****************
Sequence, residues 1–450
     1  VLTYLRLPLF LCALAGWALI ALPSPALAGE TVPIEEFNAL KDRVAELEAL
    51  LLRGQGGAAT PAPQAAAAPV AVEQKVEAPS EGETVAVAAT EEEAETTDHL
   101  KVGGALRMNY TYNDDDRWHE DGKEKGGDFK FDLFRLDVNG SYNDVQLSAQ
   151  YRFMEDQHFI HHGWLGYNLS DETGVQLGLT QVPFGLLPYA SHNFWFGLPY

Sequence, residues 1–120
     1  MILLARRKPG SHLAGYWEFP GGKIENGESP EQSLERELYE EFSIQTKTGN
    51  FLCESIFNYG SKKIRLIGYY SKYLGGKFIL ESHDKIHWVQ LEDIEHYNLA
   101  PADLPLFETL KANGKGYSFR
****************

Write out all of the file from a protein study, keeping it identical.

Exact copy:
Sequence, residues 1–450
     1  VLTYLRLPLF LCALAGWALI ALPSPALAGE TVPIEEFNAL KDRVAELEAL
    51  LLRGQGGAAT PAPQAAAAPV AVEQKVEAPS EGETVAVAAT EEEAETTDHL
   101  KVGGALRMNY TYNDDDRWHE DGKEKGGDFK FDLFRLDVNG SYNDVQLSAQ
   151  YRFMEDQHFI HHGWLGYNLS DETGVQLGLT QVPFGLLPYA SHNFWFGLPY

Sequence, residues 1–120
     1  MILLARRKPG SHLAGYWEFP GGKIENGESP EQSLERELYE EFSIQTKTGN
    51  FLCESIFNYG SKKIRLIGYY SKYLGGKFIL ESHDKIHWVQ LEDIEHYNLA
   101  PADLPLFETL KANGKGYSFR